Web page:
Teacher; What does a pig give you? Students: Pork chops, adobo!
Teacher: What does a chicken give you? Students: Eggs, meat!
Teacher: What does the fat cow give you? Students: Homework!
These probably weren’t Filipino students, ‘tho I hear students here are becoming increasingly disrespectful. The point of telling this joke is to convey the idea that everything has a purpose (telos=end, purpose). Pigs. chickens and cows all have a purpose, beyond themselves. The Jesuit priest/scientist Stanley Jaki in his powerful book The Purpose Of It All shows how nature is purposive; everything shows the hand of God making everything to be for something more than mere survival (a precursor of the Intelligent Design challenge to blind evolution creating everything). For instance the earth’s molten core constantly emits energy waves which help protect Earth from destructive radioactive rays of the sun, which is at the exactly right distance, 8 minutes in light-year time, to allow life on earth.
Think for a moment: everything in the body has a purpose, except the appendix and nipples in men so far as we know. The holes in the skull are designed to allow the eyes, ears and nose to develop. The purpose of teeth is to chew food, and the tongue to taste it and help with mastication, and speech. The purpose of the brain is to think and decide, as well as to keep the entire body, including the heart, functioning. The purpose of the whole spinal column is to support everything else. Everything shows purpose, and is needed for something else, e.g., feet, legs, obet, reproductive organs, breasts (vs. .Playboy founder the late Hugh Hefner, who thought they were mainly for men’s entertainment!) Humans themselves have a purpose beyond mere survival and enjoyment of life: To know and serve God, by loving one another, advancing His kingdom.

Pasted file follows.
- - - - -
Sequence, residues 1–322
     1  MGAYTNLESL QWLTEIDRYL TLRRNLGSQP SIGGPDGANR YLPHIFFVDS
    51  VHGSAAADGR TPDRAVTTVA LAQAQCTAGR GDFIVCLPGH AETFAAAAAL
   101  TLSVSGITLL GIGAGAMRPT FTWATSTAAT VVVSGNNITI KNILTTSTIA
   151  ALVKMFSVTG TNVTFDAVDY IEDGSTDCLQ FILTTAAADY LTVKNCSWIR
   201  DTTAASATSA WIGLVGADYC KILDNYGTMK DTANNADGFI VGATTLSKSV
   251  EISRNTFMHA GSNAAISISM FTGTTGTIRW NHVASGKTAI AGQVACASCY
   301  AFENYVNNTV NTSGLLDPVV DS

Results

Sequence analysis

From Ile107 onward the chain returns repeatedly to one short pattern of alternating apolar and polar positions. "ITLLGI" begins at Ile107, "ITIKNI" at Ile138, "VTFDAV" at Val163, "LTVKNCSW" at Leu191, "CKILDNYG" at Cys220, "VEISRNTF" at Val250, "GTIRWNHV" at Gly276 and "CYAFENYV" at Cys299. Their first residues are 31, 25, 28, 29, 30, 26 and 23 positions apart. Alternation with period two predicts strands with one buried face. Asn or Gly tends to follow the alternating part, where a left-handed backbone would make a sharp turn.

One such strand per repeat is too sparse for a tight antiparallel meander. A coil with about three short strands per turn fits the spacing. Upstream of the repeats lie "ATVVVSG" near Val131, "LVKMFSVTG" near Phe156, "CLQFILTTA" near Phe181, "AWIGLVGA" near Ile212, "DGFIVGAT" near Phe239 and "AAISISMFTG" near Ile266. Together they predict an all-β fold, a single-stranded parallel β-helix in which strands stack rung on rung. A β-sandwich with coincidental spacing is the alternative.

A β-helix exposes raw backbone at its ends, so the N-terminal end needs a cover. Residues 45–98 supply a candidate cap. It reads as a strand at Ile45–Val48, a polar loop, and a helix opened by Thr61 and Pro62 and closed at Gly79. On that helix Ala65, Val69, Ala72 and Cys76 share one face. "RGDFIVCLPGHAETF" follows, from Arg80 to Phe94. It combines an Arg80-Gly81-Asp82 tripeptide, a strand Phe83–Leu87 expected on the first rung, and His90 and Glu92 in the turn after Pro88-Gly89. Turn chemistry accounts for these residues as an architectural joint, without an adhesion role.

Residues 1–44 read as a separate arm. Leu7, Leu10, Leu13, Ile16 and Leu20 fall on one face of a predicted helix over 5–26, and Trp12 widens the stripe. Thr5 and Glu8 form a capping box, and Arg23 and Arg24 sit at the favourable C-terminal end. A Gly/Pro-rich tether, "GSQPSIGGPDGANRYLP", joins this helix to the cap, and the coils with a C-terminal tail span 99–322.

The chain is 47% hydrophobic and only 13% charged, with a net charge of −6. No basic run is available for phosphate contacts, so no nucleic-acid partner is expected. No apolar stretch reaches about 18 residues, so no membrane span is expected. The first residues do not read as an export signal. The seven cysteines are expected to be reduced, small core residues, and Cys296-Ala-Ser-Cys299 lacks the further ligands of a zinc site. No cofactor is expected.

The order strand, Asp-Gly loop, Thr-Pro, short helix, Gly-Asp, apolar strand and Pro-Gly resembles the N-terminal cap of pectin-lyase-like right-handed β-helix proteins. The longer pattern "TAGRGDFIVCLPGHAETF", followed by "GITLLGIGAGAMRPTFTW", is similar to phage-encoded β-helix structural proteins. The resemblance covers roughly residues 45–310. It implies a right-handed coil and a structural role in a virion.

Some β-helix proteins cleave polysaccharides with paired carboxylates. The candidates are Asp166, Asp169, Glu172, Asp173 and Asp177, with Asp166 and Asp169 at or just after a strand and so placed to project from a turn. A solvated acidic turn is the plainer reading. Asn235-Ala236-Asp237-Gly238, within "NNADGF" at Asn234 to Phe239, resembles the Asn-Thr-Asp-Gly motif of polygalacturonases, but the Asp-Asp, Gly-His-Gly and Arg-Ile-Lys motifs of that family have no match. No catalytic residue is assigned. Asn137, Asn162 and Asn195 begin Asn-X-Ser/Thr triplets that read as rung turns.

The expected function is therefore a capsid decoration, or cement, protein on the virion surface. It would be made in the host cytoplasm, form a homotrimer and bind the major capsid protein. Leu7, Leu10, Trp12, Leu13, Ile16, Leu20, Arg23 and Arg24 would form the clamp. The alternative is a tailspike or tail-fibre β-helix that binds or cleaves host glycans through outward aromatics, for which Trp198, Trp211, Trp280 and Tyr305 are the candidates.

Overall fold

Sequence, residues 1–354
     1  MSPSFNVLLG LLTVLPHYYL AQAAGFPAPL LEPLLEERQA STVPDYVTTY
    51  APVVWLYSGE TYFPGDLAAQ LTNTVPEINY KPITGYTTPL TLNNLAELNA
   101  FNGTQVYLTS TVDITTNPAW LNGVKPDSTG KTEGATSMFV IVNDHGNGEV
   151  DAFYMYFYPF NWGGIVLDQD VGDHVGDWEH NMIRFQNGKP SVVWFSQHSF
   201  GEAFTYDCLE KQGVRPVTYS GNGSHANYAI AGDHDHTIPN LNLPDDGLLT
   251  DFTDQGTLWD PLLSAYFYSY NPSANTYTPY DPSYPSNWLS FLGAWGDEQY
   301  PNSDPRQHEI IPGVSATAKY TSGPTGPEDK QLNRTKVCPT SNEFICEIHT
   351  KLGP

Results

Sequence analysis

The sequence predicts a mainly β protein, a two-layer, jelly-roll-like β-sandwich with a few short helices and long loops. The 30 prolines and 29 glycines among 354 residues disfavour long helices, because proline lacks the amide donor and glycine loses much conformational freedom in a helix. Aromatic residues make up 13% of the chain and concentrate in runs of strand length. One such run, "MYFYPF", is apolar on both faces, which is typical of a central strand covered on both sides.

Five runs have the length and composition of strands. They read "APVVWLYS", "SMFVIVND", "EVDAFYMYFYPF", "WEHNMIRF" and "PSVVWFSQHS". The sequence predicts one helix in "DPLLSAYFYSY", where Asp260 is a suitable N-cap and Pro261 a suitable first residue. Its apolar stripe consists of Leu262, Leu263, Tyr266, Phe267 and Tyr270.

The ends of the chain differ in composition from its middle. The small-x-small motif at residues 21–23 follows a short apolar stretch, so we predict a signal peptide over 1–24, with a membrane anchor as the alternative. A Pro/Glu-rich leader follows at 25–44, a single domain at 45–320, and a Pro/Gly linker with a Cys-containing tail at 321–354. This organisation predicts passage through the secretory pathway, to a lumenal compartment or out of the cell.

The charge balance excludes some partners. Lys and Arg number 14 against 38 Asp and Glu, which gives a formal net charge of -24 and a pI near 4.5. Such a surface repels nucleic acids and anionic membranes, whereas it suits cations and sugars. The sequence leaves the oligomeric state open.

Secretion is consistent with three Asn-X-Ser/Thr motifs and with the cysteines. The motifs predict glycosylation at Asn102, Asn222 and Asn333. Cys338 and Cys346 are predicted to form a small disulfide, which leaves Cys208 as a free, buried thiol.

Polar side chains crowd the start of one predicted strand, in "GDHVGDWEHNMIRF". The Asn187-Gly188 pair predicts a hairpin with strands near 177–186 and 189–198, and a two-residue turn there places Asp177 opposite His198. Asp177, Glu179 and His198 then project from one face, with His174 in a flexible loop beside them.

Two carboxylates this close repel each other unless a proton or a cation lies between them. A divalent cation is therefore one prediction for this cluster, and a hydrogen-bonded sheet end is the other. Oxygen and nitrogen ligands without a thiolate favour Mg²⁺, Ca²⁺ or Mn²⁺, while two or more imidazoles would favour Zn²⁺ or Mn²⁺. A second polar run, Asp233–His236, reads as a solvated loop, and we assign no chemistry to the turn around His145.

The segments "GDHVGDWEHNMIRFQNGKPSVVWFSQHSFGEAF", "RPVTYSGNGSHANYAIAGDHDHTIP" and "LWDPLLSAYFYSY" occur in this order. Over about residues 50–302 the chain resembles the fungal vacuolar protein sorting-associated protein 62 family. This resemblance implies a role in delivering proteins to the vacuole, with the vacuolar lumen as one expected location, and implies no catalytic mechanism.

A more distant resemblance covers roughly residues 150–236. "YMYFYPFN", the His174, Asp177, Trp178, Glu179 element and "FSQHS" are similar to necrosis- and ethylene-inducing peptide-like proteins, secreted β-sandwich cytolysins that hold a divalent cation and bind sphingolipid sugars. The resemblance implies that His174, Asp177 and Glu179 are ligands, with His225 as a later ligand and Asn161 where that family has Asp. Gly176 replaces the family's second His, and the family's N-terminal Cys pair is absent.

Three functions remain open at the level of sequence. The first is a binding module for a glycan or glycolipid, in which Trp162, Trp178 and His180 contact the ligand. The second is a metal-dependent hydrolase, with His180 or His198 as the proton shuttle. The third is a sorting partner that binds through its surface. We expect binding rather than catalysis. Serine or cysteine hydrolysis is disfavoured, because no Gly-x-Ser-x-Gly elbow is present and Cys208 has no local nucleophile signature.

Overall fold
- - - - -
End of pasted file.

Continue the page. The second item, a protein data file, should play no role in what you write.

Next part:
If everything has a purpose beyond personal survival, what is the divine purpose of parents, especially fathers? To quote Focus on the Family: Parental love requires sacrifice, self-control, attention, instruction, and correction, with a particular focus on connection, which involves prioritizing your schedule, focusing your attention, having patience with imperfections, letting your kid be a kid, and having a willingness to play and laugh.
In my opinion, Filipino families are tending to disintegrate, despite the no divorce law and practice. The main reason? We are all sinners, and fail to love. Just notice the numbers of parents who are now living as single, even if technically married. Notice the increasing naughtiness and defiance of kids in school, the rise of gangs and drugs. While cell phone ads promise to bring people together, such gadgets tend to alienate even more, and can cause brain cancer to boot, especially in children. Again and again one sees families in restaurants using gadgets rather than relating. All of this is also seen in the millions of families where parents—sometimes both—are working overseas.
How do we as parents see our children? Just as objects, things that are there, like the furniture? Or as growing, aspiring, feeling, curious, living beings, made in God’s image, and wanting to know Him and His world, needing our love and involvement? And how do we as parents see ourselves?